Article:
Hydroponic Fertiliser Explained

What is Hydroponic Fertiliser?


Regardless of whether plants grow in soil or in hydroponics, they need nutrients to grow. In hydroponics, however, plants are entirely dependent on nutrients supplied by hydroponic fertilisers.


Nutrients can be divided into 2 groups: macronutrients and micronutrients. Macronutrients are the ones that plants need relatively large amounts of, and these include nitrogen (N), phosphorus (P) and potassium (K). Nitrogen is essential for photosynthesis and amino acid production. Phosphorus is required for growth and other functions, including photosynthesis and energy transfer. Potassium is used for root growth and photosynthesis. 


Plants also need small amounts of micronutirents, such as magnesium, calcium, sulfur, manganese, iron, boron, and molybdenum. Most plants should have their nutrient needs met by a good hydroponic fertiliser. 


Usually on hydroponic fertilisers you will see these key figures shown on the side to indicate how much of each of the macronutrients is in there. This is called N-P-K ratio, and it represents how much of each nutrient the fertiliser contains. For example, a fertiliser with an N-P-K ratio of 5-5-5 will have 5% nitrogen, 5% phosphorus, and 5% potassium.


You can purchase liquid or dry hydroponic fertilisers, and both have their advantages and disadvantages. With a liquid hydroponic fertiliser, you can mix it into water to create a nutrient solution for your hydroponic plants. Hydroponic fertilisers in liquid form are already pre-dissolved, so you don’t have to vigorously mix them. Liquid hydroponic fertiliser is usually more expensive because it weighs more than the powdered kind, which is lighter. If you’re just starting with hydroponics, liquid fertiliser may meet your needs, whereas commercial farmers tend to use the dry version. With a dry hydroponic fertiliser, you just need to mix it with water.


Multi-part fertilisers tend to be better than one-part fertilisers. Most fertilisers contain N-P-K mix, and depending on what plants you are growing, you will require different formulas for these. You would need a different fertiliser for lettuce to what you would need for strawberries, for example. Fertiliser for strawberries has a lot of nitrogen and boron to make the berries grow swiftly. You can purchase fertiliser made specifically for different plants.


If you have given your hydroponic plants too much fertiliser, soluble salts may accumulate, and your plants may wilt, go dark green, or have leaves that look burned, and roots could die. Some signs of high salt concentration include browning of the leaf tips, reduced growth, aborting of lower leaves, dead root tips, and wilting when it’s at excessive levels. You can get rid of excess salts by flushing your system.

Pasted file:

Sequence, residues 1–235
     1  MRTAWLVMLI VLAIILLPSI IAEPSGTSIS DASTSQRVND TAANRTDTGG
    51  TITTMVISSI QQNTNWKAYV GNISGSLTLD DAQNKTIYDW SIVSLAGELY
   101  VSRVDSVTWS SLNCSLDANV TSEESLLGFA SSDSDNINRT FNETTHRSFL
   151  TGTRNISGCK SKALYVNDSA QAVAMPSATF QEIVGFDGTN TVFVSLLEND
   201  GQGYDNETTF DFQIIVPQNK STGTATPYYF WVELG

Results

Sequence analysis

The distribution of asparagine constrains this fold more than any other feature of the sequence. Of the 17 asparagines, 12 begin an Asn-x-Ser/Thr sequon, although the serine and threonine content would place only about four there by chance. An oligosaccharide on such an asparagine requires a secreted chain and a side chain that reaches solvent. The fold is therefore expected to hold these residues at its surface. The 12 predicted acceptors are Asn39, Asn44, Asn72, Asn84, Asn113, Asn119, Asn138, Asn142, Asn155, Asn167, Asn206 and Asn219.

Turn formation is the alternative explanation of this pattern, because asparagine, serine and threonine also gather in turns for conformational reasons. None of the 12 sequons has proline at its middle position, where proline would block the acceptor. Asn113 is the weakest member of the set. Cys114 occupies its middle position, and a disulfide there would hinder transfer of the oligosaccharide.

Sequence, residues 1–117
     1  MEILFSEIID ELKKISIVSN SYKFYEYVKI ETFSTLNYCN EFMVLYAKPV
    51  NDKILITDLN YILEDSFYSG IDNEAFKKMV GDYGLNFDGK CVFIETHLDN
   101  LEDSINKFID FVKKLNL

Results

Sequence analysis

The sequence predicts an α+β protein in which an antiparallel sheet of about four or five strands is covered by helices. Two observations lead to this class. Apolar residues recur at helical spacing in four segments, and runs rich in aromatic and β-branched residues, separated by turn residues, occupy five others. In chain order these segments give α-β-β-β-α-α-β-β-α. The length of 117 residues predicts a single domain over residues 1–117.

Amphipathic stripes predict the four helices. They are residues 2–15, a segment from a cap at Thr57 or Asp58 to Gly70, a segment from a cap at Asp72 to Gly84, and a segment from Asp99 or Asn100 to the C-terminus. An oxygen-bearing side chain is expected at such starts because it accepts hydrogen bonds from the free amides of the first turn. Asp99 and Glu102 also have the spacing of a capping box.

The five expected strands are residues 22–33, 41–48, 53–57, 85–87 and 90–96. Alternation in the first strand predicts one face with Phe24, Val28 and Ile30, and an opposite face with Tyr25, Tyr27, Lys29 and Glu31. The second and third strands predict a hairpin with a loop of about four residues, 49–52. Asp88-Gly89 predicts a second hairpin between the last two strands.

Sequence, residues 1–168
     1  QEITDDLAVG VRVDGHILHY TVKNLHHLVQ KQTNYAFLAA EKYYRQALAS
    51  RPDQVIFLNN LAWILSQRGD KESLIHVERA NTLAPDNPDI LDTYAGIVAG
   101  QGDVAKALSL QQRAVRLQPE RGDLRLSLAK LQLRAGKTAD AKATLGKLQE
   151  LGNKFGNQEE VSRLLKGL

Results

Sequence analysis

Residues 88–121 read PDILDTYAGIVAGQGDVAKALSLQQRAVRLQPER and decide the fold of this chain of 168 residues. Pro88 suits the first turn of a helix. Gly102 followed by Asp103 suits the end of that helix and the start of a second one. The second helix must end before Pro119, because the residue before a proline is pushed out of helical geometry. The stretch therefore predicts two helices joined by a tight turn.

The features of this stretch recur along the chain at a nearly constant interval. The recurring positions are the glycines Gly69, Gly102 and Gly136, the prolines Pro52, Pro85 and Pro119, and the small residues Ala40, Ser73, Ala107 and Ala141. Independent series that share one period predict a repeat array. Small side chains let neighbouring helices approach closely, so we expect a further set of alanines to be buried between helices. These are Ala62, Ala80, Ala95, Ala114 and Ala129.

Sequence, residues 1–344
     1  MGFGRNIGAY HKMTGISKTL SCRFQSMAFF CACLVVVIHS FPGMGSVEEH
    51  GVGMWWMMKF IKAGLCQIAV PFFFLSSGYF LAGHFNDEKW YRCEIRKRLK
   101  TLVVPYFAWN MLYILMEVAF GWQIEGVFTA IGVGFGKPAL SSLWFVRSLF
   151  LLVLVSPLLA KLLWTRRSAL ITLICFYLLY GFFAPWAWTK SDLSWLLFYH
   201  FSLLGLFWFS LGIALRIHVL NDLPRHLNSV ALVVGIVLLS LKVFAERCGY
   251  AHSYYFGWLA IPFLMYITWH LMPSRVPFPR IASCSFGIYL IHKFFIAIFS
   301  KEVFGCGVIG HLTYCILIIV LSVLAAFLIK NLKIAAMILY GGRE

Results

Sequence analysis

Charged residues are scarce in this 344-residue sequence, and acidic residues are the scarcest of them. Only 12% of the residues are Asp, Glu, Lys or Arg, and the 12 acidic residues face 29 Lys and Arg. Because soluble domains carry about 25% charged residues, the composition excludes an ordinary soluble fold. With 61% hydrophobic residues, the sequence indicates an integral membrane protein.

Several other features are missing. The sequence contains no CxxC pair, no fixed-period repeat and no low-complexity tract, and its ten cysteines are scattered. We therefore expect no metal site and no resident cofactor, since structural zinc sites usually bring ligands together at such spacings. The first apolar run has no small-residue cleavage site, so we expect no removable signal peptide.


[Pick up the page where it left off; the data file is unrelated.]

If you haven’t fertilised your plants enough, they may have nutrient deficiencies (mainly nitrogen), and as a result, the leaves can become very pale green and the plants won’t grow well. They may also wilt, die, or look yellow. This can be easily resolved by adding more fertiliser to the nutrient solution.


Hydroponic Fertiliser - pH


You can measure your nutrient solution for its electroconductivity (EC) level, and you should add nutrients when this drops below a certain level. EC is measured in Siemens (S) per meter (m). For most plants grown hydroponically, the ideal range of EC is between 1.5 and 2.5 deciSiemens/ meter (dS/m). Deci- is the metric system denoting a factor of one tenth, so a deciSiemens is 0.1 Siemens. A higher EC could prevent plants from absorbing nutrients due to increased (more negative) osmotic pressure, and EC levels that are too low could adversely impact yield.


Measuring the pH level is important too because this shows whether plants are able to use the nutrients in the solution, so check the pH at least once or twice a day. You can purchase a pH pen, or sometimes you can get EC and pH pens combined in one. pH range should be between 5.5 and 6.5 and ideally around 6 for most plants. You can adjust the pH with pH up or pH down solution. 


It's not a good idea to use a soil fertiliser for hydroponic plants because their needs are completely different. In hydroponics, fertilisers give 100% of the nutrients to the plants. In soil, you use fertilisers occasionally and they have a slow release of the nutrients, whereas in hydroponics the plants need nutrients immediately.


For more great content check out the Proponics YouTube channel below!


Proponics on YouTube



Max Bio Pic

By Max Barnes

Max Barnes is a long-time homesteader and author. Max grows the majority of his own food year-round using a variety of different methods, including hydroponics. Hydroponic gardening plays a huge part in his homestead and self-sufficiency goals.

More Posts

Is Flushing Before Harvest Necessary?
Is Flushing Before Harvest Necessary?
The Importance of Flushing a Hydroponic System Before Harvest   Have you ever heard about flushing your system before...
Read More
Nutrient Deficiencies in Hydroponics
Nutrient Deficiencies in Hydroponics
Dealing with Nutrient Deficiencies in Hydroponics   Nutrient deficiencies should be fairly rare if you are using a nu...
Read More
Monitoring pH and EC/PPM How-to
Monitoring pH and EC/PPM How-to
Easy Guide for Monitoring pH and EC/PPM   When you have just set up a new hydroponic system, you will have to measure...
Read More


Transform your home into a green oasis with the ProGro. This state-of-the-art smart garden utilises hydroponic technology that enables you to effortlessly grow unlimited fresh herbs and vegetables year-round, without soil or outdoor space. Perfect for culinary enthusiasts, health-conscious individuals, and environmentally-minded urbanites seeking a convenient way to enhance their diet and lifestyle.